Series: New Testament Encounters
Sun Am 17 November 2019 – Frans du Plessis
Gal.1:15-16; Acts 9:3-6; Phil.2:6-8; 2 Cor.3:6; Heb.12:29.
Many of us in our walk with God are always expecting external encounters. We are always expecting bushes to burn, money to fall, God to talk audibly to us in order for us to see it or be able to testify about it. Many of us often neglect the internal spiritual encounters that God brings to us because they are not always verbal in a language, like English or Afrikaans or many times not in a dream, which we can tell people. When God comes by His Spirit which we know is the way the in which the New Testament operates, it is an internal reality of the Spirit of God in each one of us. We should expect these encounters to be internal primarily. They may be brought about by external conditions and circumstances but are internal encounters with God.
This encounter seems to stand out most of all because it comes from personal experience. I also found that wherever I go, people encounter their “Damascus” (Acts 9) but they do not realise that they are encountering Damascus because they do not ride on horses any more, they do not live in the Middle East, because there was not a physical light that shone in the encounter. It does not mean that Damascus has not come your way before. My aim is to remind you of the Damascus encounter. My hope is that after this morning you will recognise it in your life as something you have worked through and possibly something you are busy working through, and as something that you will invariably at some point have to work through.
When I read the Damascus encounter of Paul, I see it as a picture of things that have happened in my life. I recognised some key points, some key moments in the Damascus encounter that are slightly unconventional. That is why we struggle to recognise it as an encounter from God. Sometimes I find people blaming the devil because they misunderstand the way in which God wants to encounter them. But when it pleased God, who separated me from my mother’s womb and called me through His grace, to reveal His Son in me, that I might preach Him among the Gentiles, I did not immediately confer with flesh and blood (Gal. 1:15-16). Paul saw his calling that God will reveal His Son not to him, but that God will reveal His Son in him. There is a massive difference between toand in andthe Greek word for in meaning in or through, but not to.Paul understood his call very clearly that God was actually forming something inside of him and that the purpose of the coming Jesus, the Word made flesh, was not just that we should know Him and know about Him, whether it be naturally or spiritually, but that He should be formed within us.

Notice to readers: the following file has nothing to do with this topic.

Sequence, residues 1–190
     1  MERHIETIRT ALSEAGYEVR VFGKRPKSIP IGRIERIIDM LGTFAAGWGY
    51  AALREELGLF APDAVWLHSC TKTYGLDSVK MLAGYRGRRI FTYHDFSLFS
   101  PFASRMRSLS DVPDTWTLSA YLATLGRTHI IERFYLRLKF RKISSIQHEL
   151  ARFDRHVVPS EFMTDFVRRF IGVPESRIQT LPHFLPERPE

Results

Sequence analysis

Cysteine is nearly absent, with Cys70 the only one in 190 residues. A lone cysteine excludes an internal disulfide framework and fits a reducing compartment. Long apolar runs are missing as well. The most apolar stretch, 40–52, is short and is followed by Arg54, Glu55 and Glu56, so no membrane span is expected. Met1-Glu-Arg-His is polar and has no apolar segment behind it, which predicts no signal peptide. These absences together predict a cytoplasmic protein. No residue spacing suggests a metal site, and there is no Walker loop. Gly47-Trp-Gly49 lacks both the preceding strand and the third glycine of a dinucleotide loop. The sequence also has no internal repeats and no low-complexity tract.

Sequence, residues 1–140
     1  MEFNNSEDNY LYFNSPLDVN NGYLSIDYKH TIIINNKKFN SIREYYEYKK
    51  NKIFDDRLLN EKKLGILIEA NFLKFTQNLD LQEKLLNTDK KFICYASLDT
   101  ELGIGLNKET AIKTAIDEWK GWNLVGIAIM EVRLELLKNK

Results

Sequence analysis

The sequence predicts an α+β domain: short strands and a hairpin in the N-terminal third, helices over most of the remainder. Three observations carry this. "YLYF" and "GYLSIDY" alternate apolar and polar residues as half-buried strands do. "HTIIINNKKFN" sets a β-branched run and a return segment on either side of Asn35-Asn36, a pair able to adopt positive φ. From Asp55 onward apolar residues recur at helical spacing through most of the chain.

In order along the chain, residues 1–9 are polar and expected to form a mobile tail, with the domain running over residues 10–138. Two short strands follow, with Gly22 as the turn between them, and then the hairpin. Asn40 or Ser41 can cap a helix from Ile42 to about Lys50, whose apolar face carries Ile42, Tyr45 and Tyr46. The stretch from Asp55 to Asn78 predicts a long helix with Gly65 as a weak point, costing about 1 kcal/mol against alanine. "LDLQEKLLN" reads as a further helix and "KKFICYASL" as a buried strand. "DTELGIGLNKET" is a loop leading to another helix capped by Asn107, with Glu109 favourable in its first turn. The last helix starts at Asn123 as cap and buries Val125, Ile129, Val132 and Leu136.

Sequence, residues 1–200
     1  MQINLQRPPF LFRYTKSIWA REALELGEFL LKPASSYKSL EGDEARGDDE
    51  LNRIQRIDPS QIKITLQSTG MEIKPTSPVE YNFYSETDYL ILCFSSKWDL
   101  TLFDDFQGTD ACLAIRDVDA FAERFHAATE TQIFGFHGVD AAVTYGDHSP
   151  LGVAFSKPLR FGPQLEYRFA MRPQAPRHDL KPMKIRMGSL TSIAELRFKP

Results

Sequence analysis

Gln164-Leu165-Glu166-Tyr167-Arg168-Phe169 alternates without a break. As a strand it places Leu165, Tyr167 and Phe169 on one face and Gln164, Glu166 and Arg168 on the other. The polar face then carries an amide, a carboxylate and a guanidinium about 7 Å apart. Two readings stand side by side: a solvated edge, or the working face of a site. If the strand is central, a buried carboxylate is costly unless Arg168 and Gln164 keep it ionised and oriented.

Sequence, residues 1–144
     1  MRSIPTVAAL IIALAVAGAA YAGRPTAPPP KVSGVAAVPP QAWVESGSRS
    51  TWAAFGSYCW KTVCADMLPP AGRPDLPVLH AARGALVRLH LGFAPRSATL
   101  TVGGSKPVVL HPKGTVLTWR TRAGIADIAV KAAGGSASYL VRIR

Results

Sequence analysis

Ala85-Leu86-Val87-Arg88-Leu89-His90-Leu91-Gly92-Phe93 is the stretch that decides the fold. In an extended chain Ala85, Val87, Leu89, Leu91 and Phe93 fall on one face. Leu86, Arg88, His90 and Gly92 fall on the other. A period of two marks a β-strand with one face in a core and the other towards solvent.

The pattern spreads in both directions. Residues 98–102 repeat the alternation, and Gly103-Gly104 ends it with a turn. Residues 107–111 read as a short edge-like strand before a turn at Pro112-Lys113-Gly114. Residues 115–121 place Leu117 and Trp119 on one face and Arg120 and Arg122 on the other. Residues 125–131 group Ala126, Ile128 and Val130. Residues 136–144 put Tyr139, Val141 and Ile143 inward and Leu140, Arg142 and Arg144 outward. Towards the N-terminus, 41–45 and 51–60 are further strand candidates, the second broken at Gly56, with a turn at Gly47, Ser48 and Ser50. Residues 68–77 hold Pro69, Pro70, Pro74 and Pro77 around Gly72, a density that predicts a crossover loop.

Christ in us is a reality that we have to deal with. It is a definite spiritual reality but the work of the Spirit in us is to make it manifest, to make it plain and clear. I am full of confidence that this is where God is heading with humanity. He wants to reveal His Son in us! Simple plan! Paul looked retrospectively and realised that God had called him from the time we was in his mother’s womb. At the end of the road, people would eventually look at Paul and say, “We can see the Son in you!” Not, “Tell us about the Son”. The kingdom of God is really moving beyond just telling people about Jesus but wanting Jesus to be revealed in people.